f you know me at all, you know that I’m an advocate for whole, unprocessed foods. However, many of us inevitably turn to packaged or processed foods when we are short on time. Maybe we grab a frozen dinner or pizza for a quick dinner for our family. Maybe we grab a quick nutrition bar to satiate our hunger until we can sit down for a real meal. Or maybe, we just don’t like to cook. Whether we like it or not, packaged and processed food has become a huge part of our food industry and, as a result, a part of many of our diets.
Although there are some brands that I hugely advocate for, there are many more that border on outright unhealthy and “scary.” Many packaged foods that seem healthy often contain fillers, preservatives and other ingredients you don’t want in your diet. It is always preferable to choose products that have only a handful of ingredients, all of which should be recognizable. One test to know whether an ingredient is healthy is to ask yourself whether your grandmother would recognize it. If not, there is a good chance the ingredient is less natural food and more man-made chemical. Another good test is whether or not you can easily pronounce the ingredient. If you feel like you need a science degree to pronounce it properly, chances are the ingredient is worth avoiding.
If you do have to resort to a processed food for a snack or dinner (anything canned, packaged, etc.), try to avoid those that contain the ingredients listed in the following chart. Although this isn’t an exhaustive list, these ingredients are some of the most highly processed and least healthy of all:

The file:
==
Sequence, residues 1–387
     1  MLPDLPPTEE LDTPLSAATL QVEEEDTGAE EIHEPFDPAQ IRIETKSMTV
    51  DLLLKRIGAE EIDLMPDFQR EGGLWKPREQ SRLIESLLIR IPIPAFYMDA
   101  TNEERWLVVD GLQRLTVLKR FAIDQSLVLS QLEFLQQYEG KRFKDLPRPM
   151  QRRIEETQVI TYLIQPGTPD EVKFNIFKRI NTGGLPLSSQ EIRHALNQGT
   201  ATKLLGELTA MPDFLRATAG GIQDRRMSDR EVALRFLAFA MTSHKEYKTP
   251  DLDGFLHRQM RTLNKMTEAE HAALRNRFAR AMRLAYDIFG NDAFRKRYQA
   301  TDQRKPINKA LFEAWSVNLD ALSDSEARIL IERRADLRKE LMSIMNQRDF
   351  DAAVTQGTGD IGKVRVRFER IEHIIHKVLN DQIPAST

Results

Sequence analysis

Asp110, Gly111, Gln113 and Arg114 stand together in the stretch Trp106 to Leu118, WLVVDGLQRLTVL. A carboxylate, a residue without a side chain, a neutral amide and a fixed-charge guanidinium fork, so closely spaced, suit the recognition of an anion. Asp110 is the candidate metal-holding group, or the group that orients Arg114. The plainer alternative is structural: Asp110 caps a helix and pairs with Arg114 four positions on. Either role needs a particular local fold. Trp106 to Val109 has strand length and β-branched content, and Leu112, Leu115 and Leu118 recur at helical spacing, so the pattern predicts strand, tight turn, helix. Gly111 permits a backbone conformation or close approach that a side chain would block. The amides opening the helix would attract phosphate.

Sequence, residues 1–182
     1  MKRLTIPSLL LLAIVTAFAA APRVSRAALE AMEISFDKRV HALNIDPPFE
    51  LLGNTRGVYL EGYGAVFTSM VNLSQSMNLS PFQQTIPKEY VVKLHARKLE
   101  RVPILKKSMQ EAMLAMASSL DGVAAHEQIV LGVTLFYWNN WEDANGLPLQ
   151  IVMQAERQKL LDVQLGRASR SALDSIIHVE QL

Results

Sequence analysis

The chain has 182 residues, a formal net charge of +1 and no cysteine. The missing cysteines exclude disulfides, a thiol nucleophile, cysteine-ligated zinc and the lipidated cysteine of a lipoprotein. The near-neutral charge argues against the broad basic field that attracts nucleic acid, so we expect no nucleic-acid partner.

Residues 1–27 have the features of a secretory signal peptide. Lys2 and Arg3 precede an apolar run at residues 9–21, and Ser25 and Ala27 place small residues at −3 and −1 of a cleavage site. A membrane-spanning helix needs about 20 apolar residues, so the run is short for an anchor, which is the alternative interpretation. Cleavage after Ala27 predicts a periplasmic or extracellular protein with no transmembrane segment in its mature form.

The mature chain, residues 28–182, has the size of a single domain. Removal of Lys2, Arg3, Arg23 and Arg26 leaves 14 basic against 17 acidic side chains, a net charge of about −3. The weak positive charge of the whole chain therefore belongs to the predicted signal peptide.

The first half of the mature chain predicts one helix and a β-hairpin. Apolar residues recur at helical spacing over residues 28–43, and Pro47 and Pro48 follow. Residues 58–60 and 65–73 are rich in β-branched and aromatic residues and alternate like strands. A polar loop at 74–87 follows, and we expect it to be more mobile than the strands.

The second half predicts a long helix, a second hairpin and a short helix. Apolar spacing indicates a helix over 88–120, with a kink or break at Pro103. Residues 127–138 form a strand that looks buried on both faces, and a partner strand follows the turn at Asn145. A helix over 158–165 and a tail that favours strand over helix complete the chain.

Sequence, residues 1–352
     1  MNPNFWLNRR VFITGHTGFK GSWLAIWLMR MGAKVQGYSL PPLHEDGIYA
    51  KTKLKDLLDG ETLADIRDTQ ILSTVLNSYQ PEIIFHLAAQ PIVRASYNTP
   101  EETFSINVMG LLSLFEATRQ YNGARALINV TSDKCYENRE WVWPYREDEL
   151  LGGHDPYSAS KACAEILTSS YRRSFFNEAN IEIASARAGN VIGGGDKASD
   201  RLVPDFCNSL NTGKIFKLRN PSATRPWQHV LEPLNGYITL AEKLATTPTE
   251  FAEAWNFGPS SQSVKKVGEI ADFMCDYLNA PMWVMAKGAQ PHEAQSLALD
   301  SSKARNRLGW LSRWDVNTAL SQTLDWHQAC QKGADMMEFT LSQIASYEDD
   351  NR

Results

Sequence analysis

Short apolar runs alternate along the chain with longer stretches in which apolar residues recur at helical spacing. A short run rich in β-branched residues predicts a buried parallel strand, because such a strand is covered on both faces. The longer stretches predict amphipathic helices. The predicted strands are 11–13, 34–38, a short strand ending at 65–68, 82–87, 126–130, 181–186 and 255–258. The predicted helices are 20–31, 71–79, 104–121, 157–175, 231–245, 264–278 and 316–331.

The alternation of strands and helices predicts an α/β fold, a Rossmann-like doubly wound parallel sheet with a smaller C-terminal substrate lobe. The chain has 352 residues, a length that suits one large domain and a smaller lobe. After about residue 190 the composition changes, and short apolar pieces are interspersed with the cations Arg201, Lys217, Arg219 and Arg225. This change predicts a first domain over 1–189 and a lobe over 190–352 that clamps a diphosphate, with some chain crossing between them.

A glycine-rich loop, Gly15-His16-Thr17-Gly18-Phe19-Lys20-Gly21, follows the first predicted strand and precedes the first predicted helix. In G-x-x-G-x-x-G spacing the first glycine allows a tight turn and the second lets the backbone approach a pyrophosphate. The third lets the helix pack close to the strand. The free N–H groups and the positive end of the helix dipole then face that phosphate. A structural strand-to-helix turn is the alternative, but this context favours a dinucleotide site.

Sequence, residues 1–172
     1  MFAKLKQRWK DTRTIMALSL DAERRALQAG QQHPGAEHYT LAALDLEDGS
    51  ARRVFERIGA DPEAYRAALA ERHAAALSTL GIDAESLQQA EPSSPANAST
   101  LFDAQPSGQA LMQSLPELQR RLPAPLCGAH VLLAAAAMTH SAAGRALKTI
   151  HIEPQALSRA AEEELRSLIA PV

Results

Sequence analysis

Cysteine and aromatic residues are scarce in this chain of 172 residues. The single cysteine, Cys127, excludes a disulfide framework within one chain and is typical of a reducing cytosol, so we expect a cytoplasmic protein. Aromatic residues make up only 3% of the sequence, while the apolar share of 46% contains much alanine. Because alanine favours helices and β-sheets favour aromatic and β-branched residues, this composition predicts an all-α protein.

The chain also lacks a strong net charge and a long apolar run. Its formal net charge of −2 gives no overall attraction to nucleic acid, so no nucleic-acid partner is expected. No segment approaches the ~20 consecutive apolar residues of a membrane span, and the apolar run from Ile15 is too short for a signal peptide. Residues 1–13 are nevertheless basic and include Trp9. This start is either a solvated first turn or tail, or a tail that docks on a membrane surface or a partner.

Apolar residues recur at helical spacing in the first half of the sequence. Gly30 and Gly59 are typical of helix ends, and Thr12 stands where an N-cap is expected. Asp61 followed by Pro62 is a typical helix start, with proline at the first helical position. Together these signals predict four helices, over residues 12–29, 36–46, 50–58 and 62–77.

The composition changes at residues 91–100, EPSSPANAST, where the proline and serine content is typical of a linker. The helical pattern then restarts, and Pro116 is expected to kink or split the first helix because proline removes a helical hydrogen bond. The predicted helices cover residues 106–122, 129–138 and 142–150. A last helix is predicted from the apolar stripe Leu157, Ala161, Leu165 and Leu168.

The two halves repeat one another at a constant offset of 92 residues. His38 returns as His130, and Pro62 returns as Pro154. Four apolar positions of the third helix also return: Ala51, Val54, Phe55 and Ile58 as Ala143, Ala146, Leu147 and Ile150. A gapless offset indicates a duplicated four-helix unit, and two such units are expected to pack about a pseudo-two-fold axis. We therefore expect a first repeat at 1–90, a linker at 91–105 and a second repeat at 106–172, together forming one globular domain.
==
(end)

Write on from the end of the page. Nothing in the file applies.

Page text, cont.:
Ingredient Why it is Used Why it is Bad
* Chemical compounds made from coal-tar derivatives to enhance color.
* Linked to allergic reactions, fatigue, asthma, skin rashes, hyperactivity and headaches.
* Cheap chemical mixtures that mimic natural flavors.
* Linked to allergic reactions, dermatitis, eczema, hyperactivity and asthma
* Can affect enzymes, RNA and thyroid.
(Acesulfame-K, Aspartame, Equal®, NutraSweet®, Saccharin, Sweet’n Low®, Sucralose, Splenda® & Sorbitol)
* Highly-processed, chemically-derived, zero-calorie sweeteners found in diet foods and diet products to reduce calories per serving.
* Can negatively impact metabolism
* Some have been linked to cancer, dizziness hallucinations and headaches.
(BHT, BHA, TBHQ)
* Compounds that preserve fats and prevent them from becoming rancid.
* May result in hyperactivity, angiodema, asthma, rhinitis, dermatitis, tumors and urticaria
* Can affect estrogen balance and levels.
Brominated Vegetable Oil
* Chemical that boosts flavor in many citric-based fruit and soft drinks.
* Increases triglycerides and cholesterol
* Can damage liver, testicles, thyroid, heart and kidneys.
High Fructose Corn Syrup
* Cheap alternative to cane and beet sugar
* Sustains freshness in baked goods
* Blends easily in beverages to maintain sweetness.
* May predispose the body to turn fructose into fat
* Increases risk for Type-2 diabetes, coronary heart disease, stroke and cancer
* Isn’t easily metabolized by the liver.
* Flavor enhancer in restaurant food, salad dressing, chips, frozen entrees, soups and other foods.
* May stimulate appetite and cause headaches, nausea, weakness, wheezing, edema, change in heart rate, burning sensations and difficulty in breathing.
* An indigestible fat substitute used primarily in foods that are fried and baked.
* Inhibits absorption of some nutrients
* Linked to gastrointestinal disease, diarrhea, gas, cramps, bleeding and incontinence.
Shortening, Hydrogenated and Partially Hydrogenated Oils
(Palm, Soybean and others)
* Industrially created fats used in more than 40,000 food products in the U.S.
* Cheaper than most other oils.
* Contain high levels of trans fats, which raise bad cholesterol and lower good cholesterol, contributing to risk of heart disease.
Have you checked your ingredient lists recently? Do they contain any of the above? Have you tried cutting some of these ingredients out?
Excerpted from "GET REAL" and STOP Dieting! Copyright 2009 - Brett Blumenthal
Originally posted on sheerbalance.com